Category Archives: Life and Stuff

A Forced Day of Rest

Not much to report as I got the migraine spot early and that ruined the rest of the day. At least until it got better.

Everyone was out and about doing various things when I got the migraine aura and took some medicine. I suspect it’s because the unseasonably cool weather has been messing with my head (or I need to get up and about some more).

Either way, taking medicine led to me being sleepy the rest of the afternoon which led to me accomplishing  very little.

Eventually, though, I got better and we enjoyed our youngest’s birthday.

More on that in a future post.

Not Many Excuses to Go

A number of factors have combined to keep me locked up in the apartment: heat, humidity, and an age related general lack of interest in going outside unless I have a particularly good reason to do so.

The latter has caused me to cancel planned outings even during nice weather. The typical process involves a couple days of making plans and more plans but  then the day of the plan arrives and my brain starts rationalizing staying in by second guessing the necessity of following the plan. My brain is suddenly concerned about spending and spent energy and all the bad and annoying things that can happen during the outing.

If it is hot and humid, or there’s a strong chance of rain, the process happens much faster.

In the end, I usually end up staying home.

This makes life kind of relaxing as well a whole lot cheaper. I just doesn’t give me much to write about.


Short Cut With a Hair Cut

The woman who cut my hair today laughed at my hair before she cut it. I deserved it, though. Sort of.

As I’ve written before, one of the odd revolutions over the past several years in Japan has been a change toward 10 minute, 10 dollar hair cuts. I’ve had them, as an afterthought, in train stations, and once when I was bored.

However, because I have a regular place I go, I often get the same barbers. However, I usually don’t get them consecutively.l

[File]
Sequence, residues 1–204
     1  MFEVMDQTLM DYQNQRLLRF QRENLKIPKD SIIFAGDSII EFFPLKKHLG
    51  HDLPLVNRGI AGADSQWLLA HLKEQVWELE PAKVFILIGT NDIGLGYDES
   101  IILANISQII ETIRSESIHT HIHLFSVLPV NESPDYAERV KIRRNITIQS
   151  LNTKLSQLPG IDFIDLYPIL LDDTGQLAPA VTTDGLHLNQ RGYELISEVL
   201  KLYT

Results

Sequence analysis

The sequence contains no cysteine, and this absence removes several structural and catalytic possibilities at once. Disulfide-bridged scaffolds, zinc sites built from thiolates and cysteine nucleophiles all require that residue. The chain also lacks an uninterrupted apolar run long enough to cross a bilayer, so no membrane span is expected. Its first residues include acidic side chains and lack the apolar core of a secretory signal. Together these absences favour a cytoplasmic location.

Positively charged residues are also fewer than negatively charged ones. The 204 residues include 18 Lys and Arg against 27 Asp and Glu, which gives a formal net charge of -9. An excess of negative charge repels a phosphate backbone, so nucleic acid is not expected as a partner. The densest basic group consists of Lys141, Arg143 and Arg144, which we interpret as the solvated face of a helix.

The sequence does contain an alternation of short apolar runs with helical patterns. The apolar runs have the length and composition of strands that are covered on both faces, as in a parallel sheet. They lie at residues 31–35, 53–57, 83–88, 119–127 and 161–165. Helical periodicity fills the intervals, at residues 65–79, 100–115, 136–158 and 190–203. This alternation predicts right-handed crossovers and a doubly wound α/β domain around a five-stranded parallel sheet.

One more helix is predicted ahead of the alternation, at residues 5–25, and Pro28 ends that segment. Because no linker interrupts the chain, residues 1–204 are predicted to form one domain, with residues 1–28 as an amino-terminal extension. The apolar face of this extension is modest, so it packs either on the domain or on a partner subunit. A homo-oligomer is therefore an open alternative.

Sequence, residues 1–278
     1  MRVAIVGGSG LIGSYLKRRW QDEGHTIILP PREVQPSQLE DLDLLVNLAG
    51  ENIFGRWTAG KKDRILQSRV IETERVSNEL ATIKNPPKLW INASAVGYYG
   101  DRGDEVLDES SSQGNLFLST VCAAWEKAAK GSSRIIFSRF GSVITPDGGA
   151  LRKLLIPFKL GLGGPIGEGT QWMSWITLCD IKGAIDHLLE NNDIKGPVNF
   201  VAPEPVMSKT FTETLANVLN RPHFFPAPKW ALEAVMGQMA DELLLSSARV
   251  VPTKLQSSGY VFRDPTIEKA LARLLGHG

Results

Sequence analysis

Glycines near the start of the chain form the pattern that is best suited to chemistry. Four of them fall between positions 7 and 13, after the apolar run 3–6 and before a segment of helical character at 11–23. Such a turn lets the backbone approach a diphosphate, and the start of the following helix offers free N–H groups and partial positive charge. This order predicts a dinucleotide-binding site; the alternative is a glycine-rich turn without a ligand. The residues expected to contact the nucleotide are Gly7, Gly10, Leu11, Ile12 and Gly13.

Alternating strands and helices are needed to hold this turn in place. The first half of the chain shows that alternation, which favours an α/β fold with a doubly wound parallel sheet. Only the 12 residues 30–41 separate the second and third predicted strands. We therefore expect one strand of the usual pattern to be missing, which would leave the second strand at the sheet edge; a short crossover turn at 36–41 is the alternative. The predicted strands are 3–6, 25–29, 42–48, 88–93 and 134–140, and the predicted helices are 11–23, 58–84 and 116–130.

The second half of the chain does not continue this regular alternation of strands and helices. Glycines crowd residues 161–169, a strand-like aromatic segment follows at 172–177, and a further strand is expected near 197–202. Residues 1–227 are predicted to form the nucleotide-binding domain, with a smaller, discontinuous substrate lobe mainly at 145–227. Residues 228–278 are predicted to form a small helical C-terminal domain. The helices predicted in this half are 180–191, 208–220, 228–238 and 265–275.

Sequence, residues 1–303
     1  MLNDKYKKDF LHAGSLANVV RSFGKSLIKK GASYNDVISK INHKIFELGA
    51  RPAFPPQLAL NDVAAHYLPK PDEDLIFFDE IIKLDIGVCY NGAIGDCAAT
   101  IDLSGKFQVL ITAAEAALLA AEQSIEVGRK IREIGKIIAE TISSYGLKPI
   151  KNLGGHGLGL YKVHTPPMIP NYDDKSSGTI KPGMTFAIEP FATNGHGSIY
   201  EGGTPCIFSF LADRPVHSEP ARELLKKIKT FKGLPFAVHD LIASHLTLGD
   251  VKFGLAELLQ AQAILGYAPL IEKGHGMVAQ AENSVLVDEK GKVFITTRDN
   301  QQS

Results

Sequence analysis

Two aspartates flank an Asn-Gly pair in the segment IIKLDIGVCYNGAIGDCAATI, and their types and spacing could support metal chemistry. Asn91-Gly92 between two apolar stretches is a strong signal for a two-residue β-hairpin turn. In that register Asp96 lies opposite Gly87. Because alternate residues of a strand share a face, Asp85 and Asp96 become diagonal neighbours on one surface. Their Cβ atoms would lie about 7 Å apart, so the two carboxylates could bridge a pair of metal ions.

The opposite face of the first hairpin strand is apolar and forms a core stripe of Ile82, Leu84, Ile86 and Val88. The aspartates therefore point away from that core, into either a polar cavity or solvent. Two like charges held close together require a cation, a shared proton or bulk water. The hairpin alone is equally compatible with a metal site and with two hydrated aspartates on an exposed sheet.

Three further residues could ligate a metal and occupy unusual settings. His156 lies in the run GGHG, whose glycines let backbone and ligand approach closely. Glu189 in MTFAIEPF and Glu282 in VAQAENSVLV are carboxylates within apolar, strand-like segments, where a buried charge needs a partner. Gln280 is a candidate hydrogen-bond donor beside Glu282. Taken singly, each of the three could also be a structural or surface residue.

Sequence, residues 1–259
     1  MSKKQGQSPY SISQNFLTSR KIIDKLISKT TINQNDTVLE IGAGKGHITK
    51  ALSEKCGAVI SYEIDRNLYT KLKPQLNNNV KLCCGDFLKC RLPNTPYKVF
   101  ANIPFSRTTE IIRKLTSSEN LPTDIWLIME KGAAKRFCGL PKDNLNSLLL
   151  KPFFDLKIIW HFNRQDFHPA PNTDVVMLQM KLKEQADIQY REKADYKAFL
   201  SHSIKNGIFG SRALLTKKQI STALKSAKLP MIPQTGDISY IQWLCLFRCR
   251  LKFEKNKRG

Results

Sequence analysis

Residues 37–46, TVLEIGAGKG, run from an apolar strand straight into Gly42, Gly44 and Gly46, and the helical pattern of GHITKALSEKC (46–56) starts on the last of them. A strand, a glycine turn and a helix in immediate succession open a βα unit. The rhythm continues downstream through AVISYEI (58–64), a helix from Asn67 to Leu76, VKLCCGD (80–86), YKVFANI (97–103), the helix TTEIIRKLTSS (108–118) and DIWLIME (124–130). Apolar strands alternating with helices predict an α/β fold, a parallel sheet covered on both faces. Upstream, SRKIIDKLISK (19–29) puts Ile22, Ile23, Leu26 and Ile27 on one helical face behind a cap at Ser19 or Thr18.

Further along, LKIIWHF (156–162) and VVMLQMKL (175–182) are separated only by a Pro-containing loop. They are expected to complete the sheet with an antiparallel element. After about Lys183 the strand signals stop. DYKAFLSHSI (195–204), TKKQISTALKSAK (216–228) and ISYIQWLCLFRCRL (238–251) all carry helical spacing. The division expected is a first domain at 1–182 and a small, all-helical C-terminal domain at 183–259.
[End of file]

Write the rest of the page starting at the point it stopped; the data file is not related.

Today, though, I got the barber I’d got the last time I got haircut two months ago. She ran her fingers through my hair and laughed at how long it was. (Note: it wasn’t that long in a Beatles mop-top sense, but it was the longest she’d seen.)

I gave her some basic instructions and, after she finished laughing, she went to work. (Note Deux: I’m not joking, because I’m a regular, she knew my hair enough to laugh at it.) Because I’d timed it well, though, I got more than ten minutes.

In the end, it was slightly longer than I wanted but it looks pretty good. Next time I hope she won’t have a chance to laugh.



An Afternoon With Monsters and Popcorn

As has become tradition, I was recruited to escort our youngest to the latest Pokemon Movie. Unlike last year, though, I actually stayed awake for most of this one.

For reasons I don’t fully understand–I think some sort of Pokemon fan club was involved–our youngest secured a free ticket to the movie. She especially wanted to go today as it was opening day. I had lobbied for Monday when I’d get a cheaper ticket, but She Who Must Be Obeyed deviously produced a coupon that got me a cheaper ticket. (You can tell that she didn’t want to go.)

We arrived and secured our tickets and provisions and, after an odd delay that annoyed the father at the front of the line, we were able to go to our seats. (The delay was apparently caused by the cleaning crew having to clean up after a room full of kids.)

The movie was pretty good, or at least was more entertaining than last year’s version. I only caught myself drifting off a couple times which is a vast improvement over last year’s Pokemon and this year’s Detective Conan (I remember being there and that I ate popcorn and that Shogi was involved, but nothing else).

After the film our youngest complained about the endless line of trailers for an endless parade of other animated movies that delayed the start of movie. My only complaint, about the movie, was that even animated movies seem to have discovered that shaky-camera fight scene BS.

My biggest complaint, though, was the popcorn. It had random bits of other flavors scattered about in it. This meant that after several bits of salted popcorn, I’d suddenly get a stray piece of caramel popcorn or the theater’s dreadful Shoyu-Butter.

Those being the only problems, it was a good day out.

However, there’s another Pokemon movie scheduled for release this time next year. I suspect I’ll be attending that one, too. Hopefully I’ll get to choose a theater with better popcorn.


Of Phones and Inventory

I spent part of the day either on the phone or waiting for a phone call.

The rest of the day I spent cleaning and counting. (And denying. More on that in a minute.)